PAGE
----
While possession is often referred to as “nine tenths of the law”, this is certainly not the case for collections. The actual process by which an institution obtains legal title and establishes ownership of a specimen or collection of specimens is called accessioning.

Once a specimen has been accessioned by an institution, the institution becomes accountable for that fossil or collection. This has both legal and practical implications for the institution.

Accessioning is the formal process used to accept legal responsibility as a repository for, and to record a specimen as part of, a collection. It involves the creation of an immediate, brief, and permanent record for the specimen or the collection; this can be an entry in a ledger book; an index card; or a database record. This record will have a number or some other identifying code (an accession number) that links together all the objects added to the collection from the same source at the same time, and contains information about the provenance of the specimen or collection. This number is used to link the objects with this provenance information, so that will always be possible to track down the background information and prove, for example, that a specimen was legally acquired. By creating an accession record and assigning an accession number to a specimen or collection, the institution accepts custody, right, or title to it.  In some institutions this work may be done departmentally, in others it may be done by centrally by a specialist staff member, usually called the Registrar.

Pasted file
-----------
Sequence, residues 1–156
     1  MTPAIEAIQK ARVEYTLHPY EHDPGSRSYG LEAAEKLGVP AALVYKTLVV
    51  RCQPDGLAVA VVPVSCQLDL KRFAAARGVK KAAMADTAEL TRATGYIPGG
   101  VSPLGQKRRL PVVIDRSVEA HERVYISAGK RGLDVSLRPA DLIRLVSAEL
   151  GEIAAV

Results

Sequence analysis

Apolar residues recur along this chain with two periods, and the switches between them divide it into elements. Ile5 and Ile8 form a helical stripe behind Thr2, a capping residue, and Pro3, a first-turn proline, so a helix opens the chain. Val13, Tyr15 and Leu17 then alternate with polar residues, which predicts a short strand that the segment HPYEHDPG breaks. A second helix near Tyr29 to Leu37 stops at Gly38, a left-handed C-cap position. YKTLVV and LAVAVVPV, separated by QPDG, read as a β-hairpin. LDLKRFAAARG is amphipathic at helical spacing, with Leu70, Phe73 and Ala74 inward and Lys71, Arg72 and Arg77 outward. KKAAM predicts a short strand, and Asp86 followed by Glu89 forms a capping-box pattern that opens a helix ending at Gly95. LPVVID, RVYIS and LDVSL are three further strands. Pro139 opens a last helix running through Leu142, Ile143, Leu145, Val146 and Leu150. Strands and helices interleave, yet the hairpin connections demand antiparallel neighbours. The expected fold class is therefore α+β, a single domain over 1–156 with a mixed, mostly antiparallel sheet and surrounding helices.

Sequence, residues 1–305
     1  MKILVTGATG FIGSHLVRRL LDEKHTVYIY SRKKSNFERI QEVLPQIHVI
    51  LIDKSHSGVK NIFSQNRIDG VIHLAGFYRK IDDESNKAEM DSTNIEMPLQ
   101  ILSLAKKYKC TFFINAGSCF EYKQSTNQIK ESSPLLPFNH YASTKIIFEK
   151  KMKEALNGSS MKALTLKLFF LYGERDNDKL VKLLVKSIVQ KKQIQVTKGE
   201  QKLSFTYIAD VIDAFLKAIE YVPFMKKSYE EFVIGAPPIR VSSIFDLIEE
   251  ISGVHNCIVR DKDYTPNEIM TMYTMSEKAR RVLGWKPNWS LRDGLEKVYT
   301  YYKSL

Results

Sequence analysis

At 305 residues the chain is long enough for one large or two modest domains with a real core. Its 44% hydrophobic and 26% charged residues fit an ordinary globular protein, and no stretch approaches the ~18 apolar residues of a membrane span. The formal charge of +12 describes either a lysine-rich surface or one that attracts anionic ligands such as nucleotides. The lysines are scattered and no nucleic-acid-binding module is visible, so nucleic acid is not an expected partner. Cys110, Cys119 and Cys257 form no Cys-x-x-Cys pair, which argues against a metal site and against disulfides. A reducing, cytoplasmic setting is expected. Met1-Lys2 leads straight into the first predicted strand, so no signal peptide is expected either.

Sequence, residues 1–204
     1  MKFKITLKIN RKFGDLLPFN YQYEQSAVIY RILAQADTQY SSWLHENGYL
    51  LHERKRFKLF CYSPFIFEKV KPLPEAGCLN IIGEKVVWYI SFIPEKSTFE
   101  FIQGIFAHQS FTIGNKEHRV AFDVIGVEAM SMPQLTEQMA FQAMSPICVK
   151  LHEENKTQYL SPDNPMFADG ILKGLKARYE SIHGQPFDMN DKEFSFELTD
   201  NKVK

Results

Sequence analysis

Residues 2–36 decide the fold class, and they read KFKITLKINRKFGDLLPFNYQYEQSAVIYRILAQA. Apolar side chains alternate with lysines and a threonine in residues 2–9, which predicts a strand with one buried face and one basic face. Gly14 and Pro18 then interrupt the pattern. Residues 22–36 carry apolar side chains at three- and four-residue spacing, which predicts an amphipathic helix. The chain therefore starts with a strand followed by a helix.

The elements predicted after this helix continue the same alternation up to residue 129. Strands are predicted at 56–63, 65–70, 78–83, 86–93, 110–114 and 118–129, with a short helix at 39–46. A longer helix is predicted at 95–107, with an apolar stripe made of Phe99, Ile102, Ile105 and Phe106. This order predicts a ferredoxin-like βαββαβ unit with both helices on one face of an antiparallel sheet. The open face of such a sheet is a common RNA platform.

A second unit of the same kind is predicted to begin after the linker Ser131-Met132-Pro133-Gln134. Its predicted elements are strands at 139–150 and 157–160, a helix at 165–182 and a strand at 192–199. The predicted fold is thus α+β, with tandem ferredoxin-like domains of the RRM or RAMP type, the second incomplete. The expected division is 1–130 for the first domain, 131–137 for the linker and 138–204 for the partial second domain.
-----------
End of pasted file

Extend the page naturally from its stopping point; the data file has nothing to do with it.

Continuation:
The Society of Vertebrate Paleontology states “Fossils and their contextual data must be accessioned and curated in an institution, the mission of which is scientific study and education in perpetuity. Fossils should be accessioned in a timely manner.” (See the full text here).

Accessioning Versus Cataloguing
Occasionally, there is confusion about the difference between accessioning and cataloging. One reason for this is that in some institutions, the method of accessioning is by cataloging – in other words, applying an institutional catalog number to the specimen and creating a catalog record is seen as asserting the institution’s right of ownership. In other institutions this single event recording is not the case, and the two terms are not used interchangeably.

Because of the legal implications associated with the process of accessioning specimens, the institution or collector must be certain (i.e., due diligence must be exercised) that:

  1. The specimens were legally acquired.
  2. The donor has a right to pass them on to the museum.
  3. The process of transferring the specimens to the museum does not breach any laws.
  4. That the relevant documentation exists to demonstrate all of the above in the event of a future legal challenge.

For an example of specific accessioning procedures, see the Accession Procedures (pdf) and associated Accession Form (pdf) from the Peabody Museum of Natural History at Yale University.